I am getting a new bike today. It is being assembled as I type. A 2008 XtC Alliance to be exact. I am told it is the “perfect blend of composite and aluminum to create the ultimate hardtail experience.” I am told it will make me fly.
As a child, I imagined having the ability to fly as the ultimate superpower. As a teenager, I likely would have elected the power of invisibility. Especially when I was still getting used to a nose that was no longer the nose of my childhood. Now at 30, I am thinking the most advantageous choice is accelerated healing. I guess it’s kind of odd that I am now just learning how to ride a mountain bike.
I admit I have been a bit slow to incorporate new athletic pursuits into my exercise repertoire. I have been a runner since I was 14. It’s pretty much the only sport that ever took.
Consider me at age 3 when my parents enrolled me in ballet classes. Now I am not sure if they signed me up because dance classes were something I asked for, or if it’s just something parents of little girls in the 80s did with children who had a penchant for dress up. And too much energy.
For my first—and last—recital we were teddy bears dancing around at some magical picnic. From the get go I didn’t really buy into the concept. Then the costumes arrived. They were brown and yellow tutus which we were forced to wear with fuzzy, glittery hats. With ears. They said we looked cute. I looked for another word. But I didn’t have the vocabulary for it at the time.
My debut was rather forgettable until some toddler failed to turn right, leading a train of tutus the wrong way, and forcing our teachers to fix us onstage. The audience chuckled at our mistake. I was horrified and quit immediately after the performance. My mom tried explaining that they all just thought we were adorable. The nerve.
Next I tried figure skating. I loved the costumes. I needed to wear the costumes. I wanted to be Debi Thomas in the Campbell soup commercials. But I was average (at best) at skating backwards, timid about anything involving jumping or twirling, and rather unimpressive in my ability to do anything that required balance. So I ditched the sport, saved the outfits, and grabbed a hockey stick to play games on the frozen marsh behind our house. At least I looked cute.
Soccer wasn’t much better. While I excelled at running up and down the field, I was not so great at making sure the ball came with me. In four years, the only goal I ever scored was an assist when the ball bounced off my ass.
In middle school I tried softball. I batted ninth in the order and struck out almost every time. But I loved it. Then we moved to a new town and a new league where suddenly they trusted me to pitch. And I was pretty good. When I wasn’t hitting batters or walking them. Then we were supposed to learn how to pitch windmill. My glory days were over.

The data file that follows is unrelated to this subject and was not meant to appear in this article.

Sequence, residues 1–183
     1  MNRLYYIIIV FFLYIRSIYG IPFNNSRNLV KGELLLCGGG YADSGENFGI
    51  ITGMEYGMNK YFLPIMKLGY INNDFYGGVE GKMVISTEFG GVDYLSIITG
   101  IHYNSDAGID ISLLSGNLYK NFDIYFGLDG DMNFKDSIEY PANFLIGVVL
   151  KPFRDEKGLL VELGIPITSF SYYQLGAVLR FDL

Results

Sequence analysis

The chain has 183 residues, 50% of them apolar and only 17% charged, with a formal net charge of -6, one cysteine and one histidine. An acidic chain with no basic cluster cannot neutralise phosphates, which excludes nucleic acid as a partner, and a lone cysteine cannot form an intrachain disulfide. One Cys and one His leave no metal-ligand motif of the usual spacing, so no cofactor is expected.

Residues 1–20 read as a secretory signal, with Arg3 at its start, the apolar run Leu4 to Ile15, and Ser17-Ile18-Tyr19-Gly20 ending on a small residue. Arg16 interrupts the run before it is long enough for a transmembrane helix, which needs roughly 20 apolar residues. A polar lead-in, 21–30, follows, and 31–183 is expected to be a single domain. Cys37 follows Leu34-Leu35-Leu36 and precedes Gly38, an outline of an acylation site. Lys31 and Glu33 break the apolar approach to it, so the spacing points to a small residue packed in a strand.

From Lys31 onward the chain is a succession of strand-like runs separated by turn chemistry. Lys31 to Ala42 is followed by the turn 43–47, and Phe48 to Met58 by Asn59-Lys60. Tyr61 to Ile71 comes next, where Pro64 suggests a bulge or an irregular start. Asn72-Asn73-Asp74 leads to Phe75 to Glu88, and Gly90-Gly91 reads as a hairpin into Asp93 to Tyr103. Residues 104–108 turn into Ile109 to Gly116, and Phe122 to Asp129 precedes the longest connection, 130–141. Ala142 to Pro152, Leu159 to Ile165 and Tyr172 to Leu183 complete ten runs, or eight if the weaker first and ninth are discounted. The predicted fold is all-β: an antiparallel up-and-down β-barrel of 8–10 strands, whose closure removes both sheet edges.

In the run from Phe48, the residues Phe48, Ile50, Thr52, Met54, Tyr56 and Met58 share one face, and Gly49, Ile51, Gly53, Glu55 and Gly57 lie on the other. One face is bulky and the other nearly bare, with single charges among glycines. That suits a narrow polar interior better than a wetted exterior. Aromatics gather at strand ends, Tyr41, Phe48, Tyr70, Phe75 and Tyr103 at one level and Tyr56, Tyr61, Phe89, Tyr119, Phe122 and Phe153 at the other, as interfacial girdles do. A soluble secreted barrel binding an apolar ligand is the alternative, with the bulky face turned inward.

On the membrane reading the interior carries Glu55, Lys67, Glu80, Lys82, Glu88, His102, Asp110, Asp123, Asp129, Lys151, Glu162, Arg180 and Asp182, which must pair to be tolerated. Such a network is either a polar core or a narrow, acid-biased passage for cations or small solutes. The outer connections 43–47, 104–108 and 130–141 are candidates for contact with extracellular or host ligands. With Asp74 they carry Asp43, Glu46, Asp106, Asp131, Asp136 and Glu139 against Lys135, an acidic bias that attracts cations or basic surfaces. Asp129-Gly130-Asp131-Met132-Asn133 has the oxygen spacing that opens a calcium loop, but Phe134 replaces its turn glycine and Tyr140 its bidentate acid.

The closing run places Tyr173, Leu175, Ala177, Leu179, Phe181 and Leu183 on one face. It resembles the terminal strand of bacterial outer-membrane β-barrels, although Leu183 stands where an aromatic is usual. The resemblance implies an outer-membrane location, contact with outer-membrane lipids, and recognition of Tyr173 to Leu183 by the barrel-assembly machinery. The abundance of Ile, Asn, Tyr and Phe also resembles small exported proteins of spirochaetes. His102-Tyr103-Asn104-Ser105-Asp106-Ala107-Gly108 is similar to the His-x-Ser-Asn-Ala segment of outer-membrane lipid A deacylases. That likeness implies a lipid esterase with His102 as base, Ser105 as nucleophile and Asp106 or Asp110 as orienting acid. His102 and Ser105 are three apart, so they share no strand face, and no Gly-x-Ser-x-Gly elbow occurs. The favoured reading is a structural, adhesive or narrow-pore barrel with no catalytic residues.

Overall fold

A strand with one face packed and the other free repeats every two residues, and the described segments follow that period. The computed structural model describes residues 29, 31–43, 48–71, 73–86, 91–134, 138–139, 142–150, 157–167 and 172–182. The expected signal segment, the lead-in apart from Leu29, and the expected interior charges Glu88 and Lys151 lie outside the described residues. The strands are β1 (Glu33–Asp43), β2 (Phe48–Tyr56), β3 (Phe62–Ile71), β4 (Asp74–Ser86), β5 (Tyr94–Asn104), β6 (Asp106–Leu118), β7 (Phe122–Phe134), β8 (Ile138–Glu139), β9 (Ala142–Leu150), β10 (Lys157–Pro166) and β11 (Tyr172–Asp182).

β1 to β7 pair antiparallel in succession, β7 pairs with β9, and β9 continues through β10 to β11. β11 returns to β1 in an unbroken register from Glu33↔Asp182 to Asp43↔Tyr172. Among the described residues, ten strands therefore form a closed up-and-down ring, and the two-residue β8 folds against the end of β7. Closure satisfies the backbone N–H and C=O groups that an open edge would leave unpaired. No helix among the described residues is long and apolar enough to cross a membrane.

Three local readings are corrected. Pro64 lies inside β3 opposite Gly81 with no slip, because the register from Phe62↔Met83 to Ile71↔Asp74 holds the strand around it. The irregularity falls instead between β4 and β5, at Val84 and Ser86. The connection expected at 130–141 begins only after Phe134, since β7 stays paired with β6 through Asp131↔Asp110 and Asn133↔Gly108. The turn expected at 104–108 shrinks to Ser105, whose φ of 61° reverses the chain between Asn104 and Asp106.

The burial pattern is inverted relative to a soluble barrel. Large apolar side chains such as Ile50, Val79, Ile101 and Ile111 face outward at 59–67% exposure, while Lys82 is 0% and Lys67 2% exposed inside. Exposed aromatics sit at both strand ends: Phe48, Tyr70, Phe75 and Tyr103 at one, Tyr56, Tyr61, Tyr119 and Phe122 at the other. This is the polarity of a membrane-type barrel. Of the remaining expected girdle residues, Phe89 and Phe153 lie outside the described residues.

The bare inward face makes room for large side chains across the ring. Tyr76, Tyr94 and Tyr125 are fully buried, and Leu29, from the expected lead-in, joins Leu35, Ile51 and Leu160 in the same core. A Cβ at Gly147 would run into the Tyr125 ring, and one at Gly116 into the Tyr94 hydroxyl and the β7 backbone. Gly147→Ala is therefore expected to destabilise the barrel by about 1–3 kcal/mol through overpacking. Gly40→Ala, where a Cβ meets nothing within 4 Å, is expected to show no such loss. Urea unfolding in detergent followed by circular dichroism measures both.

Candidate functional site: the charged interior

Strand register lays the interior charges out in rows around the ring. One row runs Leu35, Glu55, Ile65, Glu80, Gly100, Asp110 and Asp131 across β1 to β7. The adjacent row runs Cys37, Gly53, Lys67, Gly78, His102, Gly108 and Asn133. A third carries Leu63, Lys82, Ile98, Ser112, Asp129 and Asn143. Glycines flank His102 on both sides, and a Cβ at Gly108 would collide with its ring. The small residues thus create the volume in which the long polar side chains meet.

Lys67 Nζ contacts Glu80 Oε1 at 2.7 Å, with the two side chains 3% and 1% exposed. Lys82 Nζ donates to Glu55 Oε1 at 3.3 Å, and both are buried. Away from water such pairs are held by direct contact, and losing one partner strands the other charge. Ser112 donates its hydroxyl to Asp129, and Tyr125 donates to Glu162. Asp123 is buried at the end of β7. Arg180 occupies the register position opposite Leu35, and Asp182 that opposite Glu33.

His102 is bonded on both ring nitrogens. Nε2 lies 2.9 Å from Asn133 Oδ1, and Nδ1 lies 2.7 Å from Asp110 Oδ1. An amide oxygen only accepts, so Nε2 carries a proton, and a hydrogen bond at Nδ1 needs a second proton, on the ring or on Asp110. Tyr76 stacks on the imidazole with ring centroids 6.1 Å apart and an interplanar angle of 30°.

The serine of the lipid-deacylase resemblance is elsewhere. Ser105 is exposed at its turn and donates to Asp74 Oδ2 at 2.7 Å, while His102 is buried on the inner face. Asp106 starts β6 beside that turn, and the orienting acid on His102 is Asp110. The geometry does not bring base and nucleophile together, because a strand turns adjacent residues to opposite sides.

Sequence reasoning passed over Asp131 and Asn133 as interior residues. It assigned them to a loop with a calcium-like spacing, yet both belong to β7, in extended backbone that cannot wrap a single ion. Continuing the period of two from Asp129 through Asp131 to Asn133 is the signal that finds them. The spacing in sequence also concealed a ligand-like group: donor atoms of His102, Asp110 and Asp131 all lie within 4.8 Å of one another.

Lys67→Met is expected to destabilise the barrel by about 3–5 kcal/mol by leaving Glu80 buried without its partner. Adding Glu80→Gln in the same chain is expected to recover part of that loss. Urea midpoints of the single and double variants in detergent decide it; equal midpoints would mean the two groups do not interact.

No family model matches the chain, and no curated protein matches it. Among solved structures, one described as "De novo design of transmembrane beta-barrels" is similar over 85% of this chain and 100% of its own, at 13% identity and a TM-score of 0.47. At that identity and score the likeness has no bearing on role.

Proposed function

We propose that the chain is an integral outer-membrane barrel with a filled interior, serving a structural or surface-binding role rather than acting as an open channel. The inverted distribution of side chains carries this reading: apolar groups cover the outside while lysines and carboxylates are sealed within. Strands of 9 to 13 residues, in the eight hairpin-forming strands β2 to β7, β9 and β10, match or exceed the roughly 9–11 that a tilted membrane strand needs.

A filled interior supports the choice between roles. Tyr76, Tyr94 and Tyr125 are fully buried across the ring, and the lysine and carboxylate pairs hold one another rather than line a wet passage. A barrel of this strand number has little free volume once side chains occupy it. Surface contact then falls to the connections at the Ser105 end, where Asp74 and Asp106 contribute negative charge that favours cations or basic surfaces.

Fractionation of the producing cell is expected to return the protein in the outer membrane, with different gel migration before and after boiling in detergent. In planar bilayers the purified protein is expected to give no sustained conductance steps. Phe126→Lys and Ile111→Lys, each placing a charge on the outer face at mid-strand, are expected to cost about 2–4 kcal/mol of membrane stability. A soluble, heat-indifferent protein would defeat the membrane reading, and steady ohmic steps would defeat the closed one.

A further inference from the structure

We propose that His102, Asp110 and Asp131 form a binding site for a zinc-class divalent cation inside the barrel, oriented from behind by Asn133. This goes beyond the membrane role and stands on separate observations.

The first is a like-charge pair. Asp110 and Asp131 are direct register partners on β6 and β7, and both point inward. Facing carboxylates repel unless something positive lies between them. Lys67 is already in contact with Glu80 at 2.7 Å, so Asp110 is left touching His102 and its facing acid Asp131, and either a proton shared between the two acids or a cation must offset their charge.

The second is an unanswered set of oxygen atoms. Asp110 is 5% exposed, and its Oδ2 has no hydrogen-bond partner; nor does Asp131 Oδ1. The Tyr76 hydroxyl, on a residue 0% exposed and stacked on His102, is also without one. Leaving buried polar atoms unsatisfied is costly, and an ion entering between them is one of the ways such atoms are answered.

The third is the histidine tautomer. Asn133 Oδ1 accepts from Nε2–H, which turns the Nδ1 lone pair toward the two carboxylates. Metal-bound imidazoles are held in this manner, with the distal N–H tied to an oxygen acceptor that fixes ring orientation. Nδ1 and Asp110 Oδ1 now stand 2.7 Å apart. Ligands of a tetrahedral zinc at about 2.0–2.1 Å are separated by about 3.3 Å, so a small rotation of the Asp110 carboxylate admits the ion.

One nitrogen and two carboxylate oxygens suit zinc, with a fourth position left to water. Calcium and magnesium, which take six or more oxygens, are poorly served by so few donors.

Before high school my mom suggested I join the cross-country team. “I think you run in the woods,” she said. I liked the sound of that. The first meet a few girls went right and I went left and I wound up on Varsity. So I stuck with running. For 16 years.
I guess it’s time I finally shook things up and actually learn how to fall down. Which when you think about it is kind of a strange and valuable thing to have to master. How to not get hurt when you falter. How to get back on the bike when something kicks up from underneath you and decides you should come with it. But as previous record shows, I have never been very good at not being very good.
D says that riding downhill is the closest we will ever get to human flight. He is still as enraptured with the idea as a kid watching Superman. I am not sure when I stopped feeling the same. Nowadays, whenever I fly I start praying every time we start descending. I guess that’s why I am a climber. I value controlling how hard, how high, how long I will go. Plus crashing doesn’t usually occur when you’re going up. I guess that also explains why I am a poor downhill runner: fear.
I should probably work on that. So I am going to try to embrace the eventual fall. Because it will happen. I will get scratched up, bruised up, and banged up riding my new bike. I just need to not quit or throw a temper tantrum when I do. I need to view falling differently. Not as failing to stay up. But a reason to try. Hopefully one day I will think of falls and the scars I earn as beautiful badges of learning. Of effort. Of flight. Or something like it.